Mac's Smoke Shop, established in 1934 by Glen and Ruth McManus, has lived through almost every imaginable crisis over the past 86 years, from a world war to several economic recessions to a pandemic. And now, it's facing another that could ultimately bring its demise: a city ban on flavored tobacco products.
In a 4-3 vote on Tuesday, the Palo Alto City Council outlawed the sale of electronic cigarettes and flavored tobacco products.
"It's devastating," said Neil Khoury, who owns the shop with Lori Khoury. "We keep going over it over and over in our heads and how we're going to survive ... my emotions are all over the place. We cried. Our employees cried."
Following in Santa Clara County's footsteps with the same type of sweeping ban that's expected to go into effect next month for unincorporated areas, Palo Alto businesses will no longer be able to sell flavored pipe and chewing tobacco or any form of e-cigarettes. Based on data from the California Department of Tax and Fee Administration, there are 23 stores, including gas stations, that have an active license to sell cigarettes and tobacco in Palo Alto.
The Khourys had asked the city to be grandfathered an exemption to sell flavored tobacco, which Mac's has been retailing since 1934. One of the shop's own brands actually has a hint of vanilla flavor in it, Khoury said.
Khoury said sales from flavored tobacco, not including any vape-related products, represent around 50% of the store sales. With the ban, Khoury said he'll be losing anywhere from 60-70% of his sales.
A cursory glance inside the store gives insight into how much the ban would immediately gut the business.
Entire shelves and cases of cigarettes, cigars, vapes and other tobacco and nicotine products would disappear leaving one side of the shop with nothing but glass bongs, cannabidiol (or CBD) products — the active ingredient in cannabis — and lighters.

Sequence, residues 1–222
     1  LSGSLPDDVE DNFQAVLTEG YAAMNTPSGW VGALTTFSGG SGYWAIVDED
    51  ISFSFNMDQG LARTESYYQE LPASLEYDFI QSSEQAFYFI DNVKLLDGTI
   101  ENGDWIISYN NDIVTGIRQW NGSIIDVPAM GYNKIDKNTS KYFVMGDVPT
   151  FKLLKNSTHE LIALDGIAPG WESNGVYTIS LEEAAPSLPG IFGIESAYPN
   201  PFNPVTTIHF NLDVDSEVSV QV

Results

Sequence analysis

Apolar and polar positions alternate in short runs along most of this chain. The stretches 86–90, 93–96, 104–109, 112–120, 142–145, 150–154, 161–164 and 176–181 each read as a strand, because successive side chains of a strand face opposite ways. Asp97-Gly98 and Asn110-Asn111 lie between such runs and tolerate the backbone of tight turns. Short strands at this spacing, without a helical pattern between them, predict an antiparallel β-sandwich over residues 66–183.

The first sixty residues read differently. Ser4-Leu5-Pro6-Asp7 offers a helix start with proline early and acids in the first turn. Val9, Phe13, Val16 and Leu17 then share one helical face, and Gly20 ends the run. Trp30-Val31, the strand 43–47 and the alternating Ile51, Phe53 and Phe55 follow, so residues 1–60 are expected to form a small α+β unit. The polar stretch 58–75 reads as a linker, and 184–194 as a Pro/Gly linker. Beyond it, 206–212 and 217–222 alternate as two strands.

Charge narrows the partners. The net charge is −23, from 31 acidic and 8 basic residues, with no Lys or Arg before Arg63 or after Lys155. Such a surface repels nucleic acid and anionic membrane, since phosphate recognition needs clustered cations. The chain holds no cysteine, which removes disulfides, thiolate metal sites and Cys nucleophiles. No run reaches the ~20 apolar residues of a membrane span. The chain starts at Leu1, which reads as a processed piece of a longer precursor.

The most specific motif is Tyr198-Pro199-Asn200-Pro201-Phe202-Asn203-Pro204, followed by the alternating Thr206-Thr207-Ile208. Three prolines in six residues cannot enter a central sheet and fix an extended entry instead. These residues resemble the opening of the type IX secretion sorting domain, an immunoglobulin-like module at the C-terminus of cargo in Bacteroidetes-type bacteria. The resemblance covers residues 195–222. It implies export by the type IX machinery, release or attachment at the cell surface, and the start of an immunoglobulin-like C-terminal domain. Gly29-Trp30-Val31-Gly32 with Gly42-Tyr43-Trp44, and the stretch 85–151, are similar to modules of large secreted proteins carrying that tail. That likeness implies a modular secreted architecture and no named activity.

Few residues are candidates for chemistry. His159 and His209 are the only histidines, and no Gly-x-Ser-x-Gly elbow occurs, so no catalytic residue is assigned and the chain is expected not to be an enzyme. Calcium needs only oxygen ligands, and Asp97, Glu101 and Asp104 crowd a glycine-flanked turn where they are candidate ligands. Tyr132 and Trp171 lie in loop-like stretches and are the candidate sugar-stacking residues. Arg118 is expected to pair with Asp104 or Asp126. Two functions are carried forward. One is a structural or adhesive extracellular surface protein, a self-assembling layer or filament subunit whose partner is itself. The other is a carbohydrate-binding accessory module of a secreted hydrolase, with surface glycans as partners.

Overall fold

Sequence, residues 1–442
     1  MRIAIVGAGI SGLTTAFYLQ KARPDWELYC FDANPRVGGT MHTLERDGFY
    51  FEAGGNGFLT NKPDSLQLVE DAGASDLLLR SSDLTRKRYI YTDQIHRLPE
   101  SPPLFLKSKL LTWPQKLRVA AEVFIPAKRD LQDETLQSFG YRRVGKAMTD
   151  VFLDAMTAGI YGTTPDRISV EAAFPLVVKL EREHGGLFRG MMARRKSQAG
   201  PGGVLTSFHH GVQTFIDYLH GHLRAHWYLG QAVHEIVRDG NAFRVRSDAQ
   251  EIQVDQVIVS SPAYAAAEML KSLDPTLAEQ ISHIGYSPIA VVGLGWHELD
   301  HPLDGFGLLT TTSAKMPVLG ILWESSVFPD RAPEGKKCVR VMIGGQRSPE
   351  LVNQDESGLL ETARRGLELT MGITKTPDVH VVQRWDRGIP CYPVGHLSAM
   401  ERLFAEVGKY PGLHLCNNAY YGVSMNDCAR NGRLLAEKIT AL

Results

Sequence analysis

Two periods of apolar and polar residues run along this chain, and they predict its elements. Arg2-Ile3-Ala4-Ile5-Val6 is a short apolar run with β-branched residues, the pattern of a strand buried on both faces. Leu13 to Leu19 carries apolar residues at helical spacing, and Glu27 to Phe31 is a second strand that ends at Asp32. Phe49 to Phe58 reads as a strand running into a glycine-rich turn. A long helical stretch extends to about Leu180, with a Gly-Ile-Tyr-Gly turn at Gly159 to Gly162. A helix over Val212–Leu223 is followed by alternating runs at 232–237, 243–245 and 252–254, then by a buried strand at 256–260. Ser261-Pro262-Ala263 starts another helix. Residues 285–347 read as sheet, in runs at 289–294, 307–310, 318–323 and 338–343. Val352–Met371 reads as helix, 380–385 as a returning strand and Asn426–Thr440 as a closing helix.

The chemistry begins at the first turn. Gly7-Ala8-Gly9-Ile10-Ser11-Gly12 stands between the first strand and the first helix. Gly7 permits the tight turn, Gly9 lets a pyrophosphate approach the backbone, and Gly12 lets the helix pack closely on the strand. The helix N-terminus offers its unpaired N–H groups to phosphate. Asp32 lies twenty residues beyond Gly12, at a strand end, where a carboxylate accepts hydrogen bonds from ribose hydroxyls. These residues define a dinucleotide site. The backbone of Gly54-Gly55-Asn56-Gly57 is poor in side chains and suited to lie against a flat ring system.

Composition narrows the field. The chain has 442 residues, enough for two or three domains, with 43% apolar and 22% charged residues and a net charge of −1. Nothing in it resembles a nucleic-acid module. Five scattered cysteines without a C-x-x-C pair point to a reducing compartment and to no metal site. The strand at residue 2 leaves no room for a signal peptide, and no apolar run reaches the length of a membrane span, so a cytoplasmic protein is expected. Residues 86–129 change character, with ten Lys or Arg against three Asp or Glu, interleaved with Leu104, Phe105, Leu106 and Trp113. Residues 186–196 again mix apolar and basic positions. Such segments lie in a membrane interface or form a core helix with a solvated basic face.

The shop also sells newspapers and magazines, but those only make up 3% of his gross profits.
The rest of the store's items include a wide assortment of drinks (no liquor), coffee, packaged pastries, candy and other miscellaneous items, like batteries, chapstick, mini-hygiene products, condoms and unique items such as branded Mac's T-shirts and retro alarm clocks.
So for a product that's literally rooted in the store's name, Mac's Smoke Shop, Khoury said it's hard to see what other business model he can turn to, besides selling tobacco, that would make up for the lost revenue.
"I've been crunching the numbers and I don't feel too optimistic," he said.
For many former and longtime Palo Alto residents, losing Mac's Smoke Shop represents losing a piece of history. The store is a reminder of an increasingly vanishing era of Palo Alto — a time when its streets were lined with independently-owned mom-and-pop shops and commuter traffic didn't weave through residential neighborhoods.
"Mac's is a cornerstone of the community — of old Palo Alto," said Karl Kusnierczyk, 62, a former Palo Alto resident who now lives in Cocoa Beach, Florida. "Of course, we went to Mac's, everybody did."
For Kusnierczyk, Mac's wasn't just his go-to store for his favorite motorcycle magazines and underground comics. It was also one of many bridges of small businesses that linked a community together during a time when corporations such as Hewlett-Packard felt more accessible to the residents.
"Mac's was a kind of place where you'd hang out and meet the guy from the bicycle shop or the lawn mower repair shop and get a conversation going," he said. "Back then, it wasn't big conglomerations, it was a network of small shops and small restaurants. I remember when you could walk over to Hewlett-Packard and say, 'Hey, show me around.'"
Beyond tobacco, part of Mac's allure is its focus on preserving a small piece of the past.
Pictures of previous owners, old newspaper clippings from San Francisco Chronicle to the Palo Alto Weekly, and snapshots of athletes and artists such as Frank Sinatra and the Rat Pack, all smoking cigarettes, border the walls of Mac's Smoke Shop,
"The shop has its own culture, it's own community," Mattu said. "Everything is a piece of history."
But as Mac's history is laid out in plain sight, Khoury is unsure of what the future of Mac's will look like.
"We have about two months of (cash) reserve," Khoury said. "After that, I'm sorry to say we might have a fire sale and we might not be in Palo Alto."